Ian kindly sent this next pair of Standard Ten photos over. The car belonged to this father, and regarding this car he notes: "The dark green 1955 Standard 10 bears a TZ Belfast registration. Both photos were taken in front of my granny's old cottage on The Hill, Groomsport, County Down, Northern Ireland in 1961. That same year she took us 200 miles to Galway, a trip that took about 10 hours!"
The first picture shows the car from a front three-quarter angle. This example was fitted with small headlamp "peaks", a driver's side wing mirror, and shiny wheel embellishers, the bonnet mascot was a feature of later Standard Tens.
An Irish Standard Ten
The second of Ian's photos shows the rear three-quarter view of this great little car. Thanks for the photos Ian!
Rear view of the same car

7. A Standard Super Ten in Australia.

Denis was kind enough to contact me from his home in Australia, reminiscing about a 1959 Standard Super Ten that he bought new. He also sent over a couple of slides featuring the car, but first, his recollections of it, and some of the motors that came later...
"I have just been looking at your site, doing a bit of dreaming on my first car, a brand new, two tone white over mustard 1959 Standard Super Ten costing 895, two tone red upholstery, a very smart car with a cream steering wheel! Very proud and did one long trip to Sydney covering about 2,500 miles and shorter ones of about 1,000miles, and averaged 40 mpg. Traded it in for a new white 1964 Morris 1100 (light years ahead in driving), 35mpg, which was traded for a new 1969 Austin 1800, two tone cream over beige, fantastic car, tons of room, took anything in its stride, loved the Australian Outback and mountains, drove over 270,000 miles, cost $A2,275 (got $A200 discount for cash) and sold it privately in 2008 for $A2000. I extended the 1800's life by also driving a white 1963 Mini purchased in 1985 with only 26,000miles on the clock for $500, I sold it in 2005 for $1,750 at 130,000 miles."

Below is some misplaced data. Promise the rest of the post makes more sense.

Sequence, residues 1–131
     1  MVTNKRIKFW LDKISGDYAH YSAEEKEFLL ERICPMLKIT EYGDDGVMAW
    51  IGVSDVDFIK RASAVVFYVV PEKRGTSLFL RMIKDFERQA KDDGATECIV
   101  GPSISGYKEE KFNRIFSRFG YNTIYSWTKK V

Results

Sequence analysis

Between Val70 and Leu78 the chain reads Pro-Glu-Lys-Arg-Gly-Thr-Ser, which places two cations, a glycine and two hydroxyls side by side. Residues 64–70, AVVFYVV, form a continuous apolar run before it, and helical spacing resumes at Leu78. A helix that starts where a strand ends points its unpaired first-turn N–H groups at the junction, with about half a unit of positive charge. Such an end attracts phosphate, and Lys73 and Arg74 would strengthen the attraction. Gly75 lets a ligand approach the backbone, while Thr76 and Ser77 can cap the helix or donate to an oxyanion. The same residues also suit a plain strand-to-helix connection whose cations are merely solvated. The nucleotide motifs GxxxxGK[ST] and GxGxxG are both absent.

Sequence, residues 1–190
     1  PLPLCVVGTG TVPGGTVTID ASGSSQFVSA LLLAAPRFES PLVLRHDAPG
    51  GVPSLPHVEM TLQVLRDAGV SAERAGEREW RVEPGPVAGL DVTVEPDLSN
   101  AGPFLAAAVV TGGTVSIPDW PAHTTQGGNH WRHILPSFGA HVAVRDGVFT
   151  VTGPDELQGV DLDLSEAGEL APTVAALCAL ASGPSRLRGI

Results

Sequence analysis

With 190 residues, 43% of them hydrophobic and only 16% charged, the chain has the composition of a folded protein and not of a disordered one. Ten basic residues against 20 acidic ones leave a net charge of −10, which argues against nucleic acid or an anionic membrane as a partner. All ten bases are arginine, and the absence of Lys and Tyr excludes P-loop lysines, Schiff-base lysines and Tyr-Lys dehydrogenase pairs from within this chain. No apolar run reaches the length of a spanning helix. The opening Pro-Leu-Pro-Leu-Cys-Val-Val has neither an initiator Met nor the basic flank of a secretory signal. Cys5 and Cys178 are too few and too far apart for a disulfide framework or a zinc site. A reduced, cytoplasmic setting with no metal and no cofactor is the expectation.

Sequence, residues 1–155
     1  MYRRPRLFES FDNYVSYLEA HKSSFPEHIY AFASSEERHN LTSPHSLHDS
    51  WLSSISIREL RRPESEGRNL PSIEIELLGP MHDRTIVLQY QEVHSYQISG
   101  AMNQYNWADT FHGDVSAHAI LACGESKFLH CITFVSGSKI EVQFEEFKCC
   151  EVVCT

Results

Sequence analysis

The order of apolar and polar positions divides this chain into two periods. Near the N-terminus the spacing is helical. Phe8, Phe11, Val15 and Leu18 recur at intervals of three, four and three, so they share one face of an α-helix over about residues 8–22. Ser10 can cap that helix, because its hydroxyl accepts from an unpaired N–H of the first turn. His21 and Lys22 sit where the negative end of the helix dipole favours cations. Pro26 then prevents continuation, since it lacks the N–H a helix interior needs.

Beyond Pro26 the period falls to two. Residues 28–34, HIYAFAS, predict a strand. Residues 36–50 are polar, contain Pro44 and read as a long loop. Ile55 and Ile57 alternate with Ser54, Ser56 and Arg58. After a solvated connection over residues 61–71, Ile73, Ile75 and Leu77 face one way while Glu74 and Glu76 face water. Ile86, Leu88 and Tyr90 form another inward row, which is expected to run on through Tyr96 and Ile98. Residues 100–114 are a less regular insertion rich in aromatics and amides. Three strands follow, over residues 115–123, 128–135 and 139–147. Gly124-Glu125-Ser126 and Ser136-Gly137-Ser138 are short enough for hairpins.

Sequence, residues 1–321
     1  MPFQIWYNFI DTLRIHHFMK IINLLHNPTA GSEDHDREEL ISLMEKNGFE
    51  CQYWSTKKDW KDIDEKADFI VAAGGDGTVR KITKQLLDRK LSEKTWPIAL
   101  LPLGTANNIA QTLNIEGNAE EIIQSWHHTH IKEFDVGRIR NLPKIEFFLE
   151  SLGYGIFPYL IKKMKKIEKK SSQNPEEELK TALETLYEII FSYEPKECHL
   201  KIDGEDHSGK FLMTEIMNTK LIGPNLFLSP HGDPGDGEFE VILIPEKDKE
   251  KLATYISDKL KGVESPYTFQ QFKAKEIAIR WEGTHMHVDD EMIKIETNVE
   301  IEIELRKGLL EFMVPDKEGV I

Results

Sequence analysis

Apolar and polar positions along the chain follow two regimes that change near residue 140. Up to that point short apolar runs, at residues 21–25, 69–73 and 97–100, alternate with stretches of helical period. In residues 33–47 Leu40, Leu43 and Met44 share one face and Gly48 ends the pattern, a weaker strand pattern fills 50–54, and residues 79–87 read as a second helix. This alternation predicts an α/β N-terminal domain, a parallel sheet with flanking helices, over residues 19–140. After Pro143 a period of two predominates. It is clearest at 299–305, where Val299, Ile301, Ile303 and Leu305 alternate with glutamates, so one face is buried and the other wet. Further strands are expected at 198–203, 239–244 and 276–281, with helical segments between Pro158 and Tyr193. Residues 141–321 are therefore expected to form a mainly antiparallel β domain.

"The images were scanned from slides, with the top photo [taken in 1960, in the Adelaide Hills South Australia] being the more true colour of the car."
Standard Super 10 in Australia, 1960
"The 1961 photo [below, at the South Australia-Victoria Border] shows a frame bolted to the bumper just below the headlight, this was used to carry a water bag which was made of canvas in which the water was kept cool, although some water was lost. It was the "thing" to have one in those days, but not now for the general motorist. The exception is if you go "bush" then you carry plenty of water!"
The same car in 1961
Thanks for the photos Denis. There are some interesting differences when comparing UK-spec cars to those sold in Australia. The chrome trims that run down the side are different to those found on UK Super Tens, plus the latter didn't have trim that continued around the rear of the car. The grille treatment and rear badging also differ between the two markets. Some time ago, an Australian visitor to the site sent over details of his preserved Standard, the story of which can be found on this page.
I've owned a pair of 8s, a Companion estate, and a Super 10, the latter fitted with 2 pedal Standrive transmission - see more on my Standard 10 page. Some photos showing another Standard Ten, taking part in 1950s autotesting, can be seen here. If you like all Standards, and not just the 8s and 10s, this XP screensaver might be right up your street.